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CRH signaling. Molecular specificity for drug targeting in the CNS.
Ann N Y Acad Sci 2009; 1179:106-19AN

Abstract

There is an urgent need to generate new drugs or improve existing ones in the pharmacology of mood disorders. The corticotropin-releasing hormone (CRH) system is closely involved in the development and course of depression, and drugs targeting this system arguably offer hope to improve the current tools for drug treatment of depression. Recent clinical studies in depressed patients showed that CRHR1 antagonists improve clinical symptoms of anxiety and depression and reduce stress hormone release following psychosocial stress. These effects of CRHR1 antagonists were not associated with reduced secretory capacity of corticotrophic cells because of CRH receptor abundance at the pituitary level, which contrasts with CRH receptors in the brain. This is in accordance with previous studies showing that CRH injections into the mouse brain activate MAPK pathways in a brain region-specific manner pointing toward differences in signaling pathways beyond the receptor level. We will highlight this and discuss how these brain area-specific differences may offer opportunities for drug discovery. An additional puzzle in the search of new targets for depression is the lack of bona fide animal models helping to discover the antidepressants that are not monoamine based. We recently developed a conditional mouse model that overexpresses CRH in a spatio-temporal-regulated fashion and permits to dissect precisely the contribution of different brain areas to the CRH-dependent behaviors. Recent findings obtained with this mouse model and its usefulness in the context of the CRH-dependent, region-specific changes in depression will be discussed.

Authors+Show Affiliations

Max-Planck Institute of Psychiatry, Munich, Germany. holsboer@mpipsykl.mpg.deNo affiliation info available

Pub Type(s)

Journal Article
Review

Language

eng

PubMed ID

19906235

Citation

Refojo, Damian, and Florian Holsboer. "CRH Signaling. Molecular Specificity for Drug Targeting in the CNS." Annals of the New York Academy of Sciences, vol. 1179, 2009, pp. 106-19.
Refojo D, Holsboer F. CRH signaling. Molecular specificity for drug targeting in the CNS. Ann N Y Acad Sci. 2009;1179:106-19.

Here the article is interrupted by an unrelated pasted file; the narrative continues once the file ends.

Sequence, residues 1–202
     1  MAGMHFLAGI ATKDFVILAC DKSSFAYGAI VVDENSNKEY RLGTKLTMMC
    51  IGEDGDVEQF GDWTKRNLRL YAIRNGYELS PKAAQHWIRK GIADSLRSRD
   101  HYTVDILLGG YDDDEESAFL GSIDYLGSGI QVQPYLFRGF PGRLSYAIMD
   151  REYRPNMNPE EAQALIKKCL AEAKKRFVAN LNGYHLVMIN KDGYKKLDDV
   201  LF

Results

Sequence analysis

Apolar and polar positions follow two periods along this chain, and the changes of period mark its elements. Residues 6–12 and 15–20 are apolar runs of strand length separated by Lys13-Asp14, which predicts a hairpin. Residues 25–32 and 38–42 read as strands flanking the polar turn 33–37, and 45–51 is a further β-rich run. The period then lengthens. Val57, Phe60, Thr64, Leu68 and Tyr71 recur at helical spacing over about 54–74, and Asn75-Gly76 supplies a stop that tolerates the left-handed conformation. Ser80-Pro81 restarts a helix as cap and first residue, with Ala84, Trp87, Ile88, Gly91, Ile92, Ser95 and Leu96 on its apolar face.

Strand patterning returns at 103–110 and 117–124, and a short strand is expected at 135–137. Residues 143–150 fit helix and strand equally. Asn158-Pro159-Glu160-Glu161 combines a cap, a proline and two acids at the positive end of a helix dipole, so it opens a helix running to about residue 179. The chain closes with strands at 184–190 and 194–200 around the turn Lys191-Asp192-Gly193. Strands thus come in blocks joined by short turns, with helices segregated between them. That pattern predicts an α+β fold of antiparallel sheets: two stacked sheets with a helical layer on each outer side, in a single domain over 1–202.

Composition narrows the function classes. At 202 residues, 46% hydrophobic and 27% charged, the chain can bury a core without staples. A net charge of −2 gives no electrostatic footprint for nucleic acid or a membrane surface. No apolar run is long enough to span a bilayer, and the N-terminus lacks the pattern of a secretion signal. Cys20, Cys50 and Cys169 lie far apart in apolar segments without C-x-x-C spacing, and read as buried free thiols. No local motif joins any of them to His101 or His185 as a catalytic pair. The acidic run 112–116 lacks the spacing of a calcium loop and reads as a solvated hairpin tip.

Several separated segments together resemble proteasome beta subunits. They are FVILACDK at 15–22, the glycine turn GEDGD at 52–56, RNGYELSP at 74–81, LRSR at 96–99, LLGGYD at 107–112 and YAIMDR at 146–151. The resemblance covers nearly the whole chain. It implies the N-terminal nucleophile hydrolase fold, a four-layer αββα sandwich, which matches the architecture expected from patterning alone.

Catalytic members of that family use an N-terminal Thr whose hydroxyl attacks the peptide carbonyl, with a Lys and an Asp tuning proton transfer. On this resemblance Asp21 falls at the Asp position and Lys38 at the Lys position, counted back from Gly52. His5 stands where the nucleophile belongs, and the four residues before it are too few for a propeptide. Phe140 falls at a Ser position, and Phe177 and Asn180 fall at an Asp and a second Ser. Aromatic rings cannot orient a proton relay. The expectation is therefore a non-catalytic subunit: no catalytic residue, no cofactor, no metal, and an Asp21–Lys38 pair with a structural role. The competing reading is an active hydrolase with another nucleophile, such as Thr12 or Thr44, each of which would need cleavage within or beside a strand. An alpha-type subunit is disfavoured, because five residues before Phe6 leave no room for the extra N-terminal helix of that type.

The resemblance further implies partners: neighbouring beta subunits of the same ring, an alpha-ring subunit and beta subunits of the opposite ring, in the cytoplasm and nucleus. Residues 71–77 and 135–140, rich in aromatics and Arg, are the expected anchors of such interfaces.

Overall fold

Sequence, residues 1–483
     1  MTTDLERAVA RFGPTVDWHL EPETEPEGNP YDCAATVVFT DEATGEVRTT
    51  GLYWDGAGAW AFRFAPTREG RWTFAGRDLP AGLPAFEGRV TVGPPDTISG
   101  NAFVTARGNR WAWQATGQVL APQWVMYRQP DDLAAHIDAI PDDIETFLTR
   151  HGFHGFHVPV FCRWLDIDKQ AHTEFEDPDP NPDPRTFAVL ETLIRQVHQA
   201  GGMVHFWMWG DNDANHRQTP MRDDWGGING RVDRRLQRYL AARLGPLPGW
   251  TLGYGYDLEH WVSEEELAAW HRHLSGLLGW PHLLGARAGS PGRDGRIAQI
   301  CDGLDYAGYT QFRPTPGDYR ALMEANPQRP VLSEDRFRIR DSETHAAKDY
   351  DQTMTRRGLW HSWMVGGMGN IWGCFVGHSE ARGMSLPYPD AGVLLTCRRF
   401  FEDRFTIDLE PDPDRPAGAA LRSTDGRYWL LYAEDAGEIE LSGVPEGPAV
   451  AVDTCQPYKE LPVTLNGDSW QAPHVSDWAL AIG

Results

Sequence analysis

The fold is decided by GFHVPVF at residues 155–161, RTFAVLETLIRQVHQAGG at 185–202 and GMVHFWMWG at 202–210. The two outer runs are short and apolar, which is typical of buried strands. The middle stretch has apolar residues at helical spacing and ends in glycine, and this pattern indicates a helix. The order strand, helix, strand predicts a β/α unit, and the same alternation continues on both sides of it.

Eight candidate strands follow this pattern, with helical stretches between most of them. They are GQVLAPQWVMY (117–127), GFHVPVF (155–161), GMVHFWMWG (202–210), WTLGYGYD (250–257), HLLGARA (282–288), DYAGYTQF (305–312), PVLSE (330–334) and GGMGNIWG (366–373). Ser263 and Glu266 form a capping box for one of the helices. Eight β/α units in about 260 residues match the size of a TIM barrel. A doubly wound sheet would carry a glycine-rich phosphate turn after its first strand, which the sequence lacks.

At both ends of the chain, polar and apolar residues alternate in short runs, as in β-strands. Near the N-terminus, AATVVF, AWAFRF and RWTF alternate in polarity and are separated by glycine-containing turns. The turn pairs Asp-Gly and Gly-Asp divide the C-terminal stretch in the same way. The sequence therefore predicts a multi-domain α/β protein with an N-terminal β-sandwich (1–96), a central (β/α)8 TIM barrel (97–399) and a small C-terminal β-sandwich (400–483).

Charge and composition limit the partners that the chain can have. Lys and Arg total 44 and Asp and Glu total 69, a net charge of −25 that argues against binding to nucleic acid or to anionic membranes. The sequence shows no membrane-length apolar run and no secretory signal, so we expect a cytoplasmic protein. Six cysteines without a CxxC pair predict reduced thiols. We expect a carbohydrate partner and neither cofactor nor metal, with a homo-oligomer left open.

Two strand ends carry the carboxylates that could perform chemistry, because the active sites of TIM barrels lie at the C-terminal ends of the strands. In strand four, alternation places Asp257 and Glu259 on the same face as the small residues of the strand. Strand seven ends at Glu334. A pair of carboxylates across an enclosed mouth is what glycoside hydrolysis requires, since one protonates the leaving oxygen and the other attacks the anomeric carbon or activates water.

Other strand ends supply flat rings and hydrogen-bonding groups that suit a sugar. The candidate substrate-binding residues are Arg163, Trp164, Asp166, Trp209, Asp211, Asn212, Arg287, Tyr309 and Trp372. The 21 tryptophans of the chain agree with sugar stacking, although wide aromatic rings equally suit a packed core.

Refojo, D., & Holsboer, F. (2009). CRH signaling. Molecular specificity for drug targeting in the CNS. Annals of the New York Academy of Sciences, 1179, pp. 106-19. doi:10.1111/j.1749-6632.2009.04983.x.
Refojo D, Holsboer F. CRH Signaling. Molecular Specificity for Drug Targeting in the CNS. Ann N Y Acad Sci. 2009;1179:106-19. PubMed PMID: 19906235.
* Article titles in AMA citation format should be in sentence-case
TY - JOUR T1 - CRH signaling. Molecular specificity for drug targeting in the CNS. AU - Refojo,Damian, AU - Holsboer,Florian, PY - 2009/11/13/entrez PY - 2009/11/13/pubmed PY - 2009/12/16/medline SP - 106 EP - 19 JF - Annals of the New York Academy of Sciences JO - Ann. N. Y. Acad. Sci. VL - 1179 N2 - There is an urgent need to generate new drugs or improve existing ones in the pharmacology of mood disorders. The corticotropin-releasing hormone (CRH) system is closely involved in the development and course of depression, and drugs targeting this system arguably offer hope to improve the current tools for drug treatment of depression. Recent clinical studies in depressed patients showed that CRHR1 antagonists improve clinical symptoms of anxiety and depression and reduce stress hormone release following psychosocial stress. These effects of CRHR1 antagonists were not associated with reduced secretory capacity of corticotrophic cells because of CRH receptor abundance at the pituitary level, which contrasts with CRH receptors in the brain. This is in accordance with previous studies showing that CRH injections into the mouse brain activate MAPK pathways in a brain region-specific manner pointing toward differences in signaling pathways beyond the receptor level. We will highlight this and discuss how these brain area-specific differences may offer opportunities for drug discovery. An additional puzzle in the search of new targets for depression is the lack of bona fide animal models helping to discover the antidepressants that are not monoamine based. We recently developed a conditional mouse model that overexpresses CRH in a spatio-temporal-regulated fashion and permits to dissect precisely the contribution of different brain areas to the CRH-dependent behaviors. Recent findings obtained with this mouse model and its usefulness in the context of the CRH-dependent, region-specific changes in depression will be discussed. SN - 1749-6632 UR - https://www.unboundmedicine.com/medline/citation/19906235/CRH_signaling__Molecular_specificity_for_drug_targeting_in_the_CNS_ L2 - https://doi.org/10.1111/j.1749-6632.2009.04983.x DB - PRIME DP - Unbound Medicine ER -